SOT6 Podcast - Episode 23


Blue Jays Round Table to End the Season

  • It's time that we put the 2017 Blue Jays season behind us and set our sights on the years to come. But for one final time, we will look in the rearview mirror and talk about what we've learned from this past season and what needs to be done to improve the Jays' chances on arriving to October baseball once more. What are our expectations? Is there a big trade in the Jays future? What are the plans of both Ross Atkins and Mark Shapiro when it comes to building a contender for 2018?
  • To help answer these questions, the South of the 6ix Podcast is proud to assemble its very first Round Table Discussion entitled "Let's Put It To Bed." Participating in the discussion are three baseball minds that are both well-respected and extremely sharp when it comes to their evaluations regarding the Blue Jays. With me I have Ian Hunter (@BlueJayHunter) creator & writer of and host for the Blue Jays Hunter Podcast, as well as Chris Henderson (@Baseball4Brains) & Brendan Panikkar (@Panikkar37), both of whom are contributors over at

It's a fantastic Round Table to put our minds at ease for 2018 while reminding us that there's a lot to look forward to!

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Drake Stafford - "Casets"
Auxl Studio - "Blue Bloods"

Follow host Adam Corsair on Twitter: @ACorsair21
Follow South of the 6ix on Twitter: @SouthOfThe6ix

Drake Stafford - "Casets"
Auxl Studio - "Blue Bloods"

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Thanks for listening!

SOT6 Podcast - Episode 21


Podcast hosted by Adam Corsair (@ACorsair21)

Talking all things Toronto Blue Jays!

  • With only a handful of games left in the 2017 Toronto Blue Jays season, our sights have been firmly set on the front office and the direction the Jays will take for 2018. We're encouraged with names in the Minor League system, but we're curious as to how management will be able to bridge the gap and compete next year, as they intend to. Would this involve trading players away to help build a sustainable winner? Or does this involve pushing the chips all in, yet again, and sacrificing what little depth the Jays have? 
  • To help answer these and other questions, I have special guest Brendan Panikkar (@Panikkar37) of joining me via telephone. Brendan's knowledge of the Toronto Blue Jays is quite vast and he helps breaks down the concerns that Jays fans have, as well as provide some quality input as to where this team may be heading for years to come. We also reflect on this past season and Brendan offers his perspective as to how the season unfolds.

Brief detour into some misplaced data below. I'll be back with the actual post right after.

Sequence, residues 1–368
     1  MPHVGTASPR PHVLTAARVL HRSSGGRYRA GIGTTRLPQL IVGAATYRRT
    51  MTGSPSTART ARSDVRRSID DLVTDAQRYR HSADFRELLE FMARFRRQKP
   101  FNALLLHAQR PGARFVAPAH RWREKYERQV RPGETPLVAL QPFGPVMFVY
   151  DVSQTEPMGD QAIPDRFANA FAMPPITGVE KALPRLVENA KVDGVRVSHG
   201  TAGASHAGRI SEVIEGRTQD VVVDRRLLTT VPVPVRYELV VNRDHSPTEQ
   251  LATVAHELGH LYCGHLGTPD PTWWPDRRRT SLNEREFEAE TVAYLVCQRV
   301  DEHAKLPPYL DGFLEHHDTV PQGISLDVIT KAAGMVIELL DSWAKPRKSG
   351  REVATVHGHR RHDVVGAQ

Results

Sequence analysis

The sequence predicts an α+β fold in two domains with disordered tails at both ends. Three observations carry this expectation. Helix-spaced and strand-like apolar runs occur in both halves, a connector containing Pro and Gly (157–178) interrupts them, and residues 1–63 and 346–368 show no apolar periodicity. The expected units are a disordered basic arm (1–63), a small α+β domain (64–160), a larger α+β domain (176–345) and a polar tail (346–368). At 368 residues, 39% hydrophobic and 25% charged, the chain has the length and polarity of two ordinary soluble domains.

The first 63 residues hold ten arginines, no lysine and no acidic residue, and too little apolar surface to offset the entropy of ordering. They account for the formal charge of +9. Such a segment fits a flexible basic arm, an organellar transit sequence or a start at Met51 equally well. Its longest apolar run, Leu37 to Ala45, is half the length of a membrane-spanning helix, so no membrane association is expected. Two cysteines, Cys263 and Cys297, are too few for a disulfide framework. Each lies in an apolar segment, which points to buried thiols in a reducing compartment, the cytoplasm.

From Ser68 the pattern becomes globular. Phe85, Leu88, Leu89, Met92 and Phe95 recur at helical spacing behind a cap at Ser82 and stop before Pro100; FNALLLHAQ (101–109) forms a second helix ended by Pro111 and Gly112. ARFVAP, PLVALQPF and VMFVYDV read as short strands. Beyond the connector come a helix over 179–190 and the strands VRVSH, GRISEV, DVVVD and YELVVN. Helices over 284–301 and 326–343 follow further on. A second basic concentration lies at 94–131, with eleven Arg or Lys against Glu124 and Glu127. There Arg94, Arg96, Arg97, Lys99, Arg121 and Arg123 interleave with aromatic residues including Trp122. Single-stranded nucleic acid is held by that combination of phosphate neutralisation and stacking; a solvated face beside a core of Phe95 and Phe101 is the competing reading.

It's definitely an episode you will not want to miss!

Drake Stafford - "Casets"
Auxl Studio - "Blue Bloods"

Follow South of the 6ix on Twitter (@SouthOfThe6ix)

SOT6 Podcast - Episode 20

Talking all things Blue Jays in this one! 

  • As the season comes to a disappointing end, we Jays fans are left wondering what the future holds for the ball club. Will the woes that have plagued this Blue Jays team resurface and prevent them from making a post-season run in 2018? Or will some of the younger talent that is developing in their Minor League system help give the team an extra boost of energy to reclaim their spot as the team team in the AL East?

  • To help answer these questions - and a lot more - is Dr. Jay Blue from and the Blue Jays From Away Podcast (@JaysFromAway). Dr. Blue goes into detail on such Minor League stars like Vladimir Guerrero Jr., Bo Bichette, Teoscar Hernandez, Danny Jansen, and Rowdy Tellez. Plus, we discuss what the future may hold for the Blue Jays & Josh Donaldson in terms of a contract extension. Lastly, we close the show remembering José Bautista and the impact he's had on both the city and the team.

    This one you won't want to miss!

  • Music: Drake Stafford - "Casets" & Auxl Studio - "Blue Bloods"

The Weekend Hangover - Episode 9

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Episode 9 of the Weekend Hangover featuring Ryan DiFrancesco (@RyanDifrancesco) of (@JDroppings) and Adam Corsair (@ACorsair21) of (@SouthOfThe6ix) are joined to discuss the latest regarding your Toronto Blue Jays!

We discuss such topics as Marco Estrada returning on a one-year deal, the Josh Donaldson trade debate, and celebrating the accomplishments and impact of Jose Bautista!



2018 Hinges on Josh Donaldson


Article Written by Adam Corsair (@ACorsair21)

Before anyone freaks out, or calls this post "click-bait," or persistently tell me that I don't know what I'm talking about (... OK, that last one may be true), it's critical to understand what I'm going to outline in this post and what I am not. What I am not advocating is for the Blue Jays to trade Josh Donaldson, just because. What I am advocating for is for us to examine what the benefits would be in the event that the Blue Jays do decide it's best to trade their MVP caliber third baseman. This will heavily depend on the direction that the Jays decide to go in 2018, which I outline later in this post. There's a not-so-subtle difference between the two and I hope you can recognize the distinction. The title of the post should have already made that clear from the get-go. But in the event that it did not, it was worth explaining. With that, let's get into it.

Josh Donaldson has been one of the major bright spots on both sides of the field since being acquired by the Blue Jays in late 2014. He proved to be the standard when it came to playing with grit, intensity, and an overwhelming amount of passion for the game. Being one of two MVP's in Blue Jays history (the other being George Bell), he's become an undeniable fan favorite and a player that any team in the MLB would have been lucky to build around. Having a third baseman who can easily be penciled as an All-Star that provides outstanding defense and offense is something that the Blue Jays would be wise to hold on to for as long as they can.

But in the world of baseball, it's well-known that it does not operate in absolutes. In normal circumstances, it would seem obvious to some that a long-term extension for Josh Donaldson should have already been offered by the front office due to how rare of a talent he is and how such a player could help carry the Jays to the post-season on a yearly basis. It seems obvious simply because during his tenure with the Blue Jays, his numbers provide evidence for it. Numbers do not lie.